Landmark: Hangar One

Photos by The U.S. Navy

After World War I, a group of concerned citizens raised nearly half a million dollars to purchase 1,000 acres in the South Bay and then sold it to the U.S. Navy for the very reasonable price of $1. Their motive was to create a military base to protect the West Coast from any future threats. At the time, the Navy was entering into the Lighter-than-Air (LTA) era, constructing rigid airships—including blimps and dirigibles—that could be steered to provide high-flying protection from the sky. The USS Akron supported fleet operations in the Atlantic and the USS Macon owned the Pacific. These magnificent machines were the first, and only, airborne aircraft carriers. They would patrol in front of a fleet of ships scouting for any adversary. (Remember, this was before radar.) Small pursuit aircrafts, called Sparrowhawks, would launch from below the dirigible and extend the search range.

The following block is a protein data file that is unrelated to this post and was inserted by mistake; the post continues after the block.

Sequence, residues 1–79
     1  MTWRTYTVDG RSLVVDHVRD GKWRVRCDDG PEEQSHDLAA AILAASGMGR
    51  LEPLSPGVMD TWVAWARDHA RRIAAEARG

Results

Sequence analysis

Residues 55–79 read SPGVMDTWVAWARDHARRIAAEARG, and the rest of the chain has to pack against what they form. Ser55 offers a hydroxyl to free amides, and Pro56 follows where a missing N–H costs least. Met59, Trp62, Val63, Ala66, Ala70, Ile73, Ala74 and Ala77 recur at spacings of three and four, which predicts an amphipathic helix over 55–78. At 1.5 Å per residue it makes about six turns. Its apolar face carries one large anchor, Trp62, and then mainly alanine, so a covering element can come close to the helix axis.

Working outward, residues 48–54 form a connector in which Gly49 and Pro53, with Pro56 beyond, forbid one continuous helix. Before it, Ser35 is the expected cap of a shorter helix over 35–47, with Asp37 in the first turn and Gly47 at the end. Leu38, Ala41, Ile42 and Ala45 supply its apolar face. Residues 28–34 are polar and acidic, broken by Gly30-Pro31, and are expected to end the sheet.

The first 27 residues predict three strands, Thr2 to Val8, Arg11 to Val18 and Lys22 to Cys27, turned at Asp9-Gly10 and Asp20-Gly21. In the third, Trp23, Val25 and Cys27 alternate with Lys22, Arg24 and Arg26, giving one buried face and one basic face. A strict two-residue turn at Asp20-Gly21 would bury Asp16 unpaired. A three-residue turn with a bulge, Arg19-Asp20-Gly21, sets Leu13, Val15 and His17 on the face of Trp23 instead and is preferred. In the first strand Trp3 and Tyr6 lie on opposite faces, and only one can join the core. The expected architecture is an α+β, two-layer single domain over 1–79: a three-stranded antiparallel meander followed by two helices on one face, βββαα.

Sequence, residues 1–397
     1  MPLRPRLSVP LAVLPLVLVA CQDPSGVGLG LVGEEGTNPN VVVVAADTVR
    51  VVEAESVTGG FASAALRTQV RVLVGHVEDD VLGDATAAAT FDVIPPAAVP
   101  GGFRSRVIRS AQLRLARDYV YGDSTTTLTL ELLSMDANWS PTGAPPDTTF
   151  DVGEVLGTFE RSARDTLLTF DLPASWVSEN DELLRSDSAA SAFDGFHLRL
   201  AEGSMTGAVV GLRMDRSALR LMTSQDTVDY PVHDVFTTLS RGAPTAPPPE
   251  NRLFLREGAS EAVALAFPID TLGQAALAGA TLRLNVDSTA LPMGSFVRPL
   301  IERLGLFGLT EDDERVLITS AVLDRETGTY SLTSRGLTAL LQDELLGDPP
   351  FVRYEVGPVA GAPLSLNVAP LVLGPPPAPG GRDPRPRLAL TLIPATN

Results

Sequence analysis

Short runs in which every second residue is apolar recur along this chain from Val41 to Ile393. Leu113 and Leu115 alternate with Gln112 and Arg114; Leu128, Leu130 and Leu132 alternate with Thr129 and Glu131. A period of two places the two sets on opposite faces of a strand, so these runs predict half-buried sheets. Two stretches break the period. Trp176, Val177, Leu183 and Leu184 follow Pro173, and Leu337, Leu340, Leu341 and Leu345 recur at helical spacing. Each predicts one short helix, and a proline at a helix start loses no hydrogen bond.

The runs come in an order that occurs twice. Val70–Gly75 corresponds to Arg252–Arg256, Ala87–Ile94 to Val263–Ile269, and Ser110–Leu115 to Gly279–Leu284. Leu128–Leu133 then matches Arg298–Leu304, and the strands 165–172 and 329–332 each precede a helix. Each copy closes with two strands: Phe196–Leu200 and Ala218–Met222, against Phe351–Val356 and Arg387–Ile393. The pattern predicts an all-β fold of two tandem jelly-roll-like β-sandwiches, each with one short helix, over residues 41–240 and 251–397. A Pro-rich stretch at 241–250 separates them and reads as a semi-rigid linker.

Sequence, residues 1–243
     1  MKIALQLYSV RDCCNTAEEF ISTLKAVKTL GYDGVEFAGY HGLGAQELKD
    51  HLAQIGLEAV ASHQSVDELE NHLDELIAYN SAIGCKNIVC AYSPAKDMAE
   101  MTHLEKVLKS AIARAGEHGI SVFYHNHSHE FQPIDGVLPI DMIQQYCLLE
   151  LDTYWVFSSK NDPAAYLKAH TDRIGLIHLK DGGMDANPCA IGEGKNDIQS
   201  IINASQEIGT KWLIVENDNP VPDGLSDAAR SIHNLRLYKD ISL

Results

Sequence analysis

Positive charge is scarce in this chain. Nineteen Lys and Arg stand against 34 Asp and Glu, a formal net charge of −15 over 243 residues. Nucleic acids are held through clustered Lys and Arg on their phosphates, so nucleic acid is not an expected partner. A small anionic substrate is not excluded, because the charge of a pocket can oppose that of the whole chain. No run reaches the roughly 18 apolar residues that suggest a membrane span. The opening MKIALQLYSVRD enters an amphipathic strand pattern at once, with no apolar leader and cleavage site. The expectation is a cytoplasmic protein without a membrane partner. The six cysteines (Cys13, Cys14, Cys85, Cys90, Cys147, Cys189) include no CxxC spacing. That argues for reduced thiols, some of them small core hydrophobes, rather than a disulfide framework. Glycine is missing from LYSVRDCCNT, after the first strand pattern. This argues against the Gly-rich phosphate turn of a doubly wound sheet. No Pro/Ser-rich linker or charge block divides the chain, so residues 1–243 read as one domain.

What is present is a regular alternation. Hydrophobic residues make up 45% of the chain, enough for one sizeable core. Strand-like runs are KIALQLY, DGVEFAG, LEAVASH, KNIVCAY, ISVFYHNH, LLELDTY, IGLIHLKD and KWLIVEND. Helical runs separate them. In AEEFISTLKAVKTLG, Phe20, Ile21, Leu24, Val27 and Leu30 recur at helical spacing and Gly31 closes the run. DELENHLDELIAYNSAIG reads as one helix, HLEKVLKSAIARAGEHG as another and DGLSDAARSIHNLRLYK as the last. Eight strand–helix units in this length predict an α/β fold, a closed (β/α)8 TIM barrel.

The USS Macon was 785 feet long with eight engines and could fly to Hawaii and back on one load of fuel. The dirigible could house a crew of 91. There were sleeping quarters, engineering, a control room, a radio room and even a medical room. When she was at Moffett Field, the USS Macon was protected inside Hangar One, the iconic metal structure seen from Highway 101, straddling the line between Mountain View and Sunnyvale. It’s 1,138 feet long, 308 feet wide and 198 feet high—the floor could hold seven football fields. Fabricated from metal in the early 1930s, it is one of only two such structures in the U.S.; the other is in Lakehurst, New Jersey. After the Navy left in 1994, Google won a competition and agreed to multiple restoration projects with a 60-year lease. Hangar One will be re-skinned over the next several years.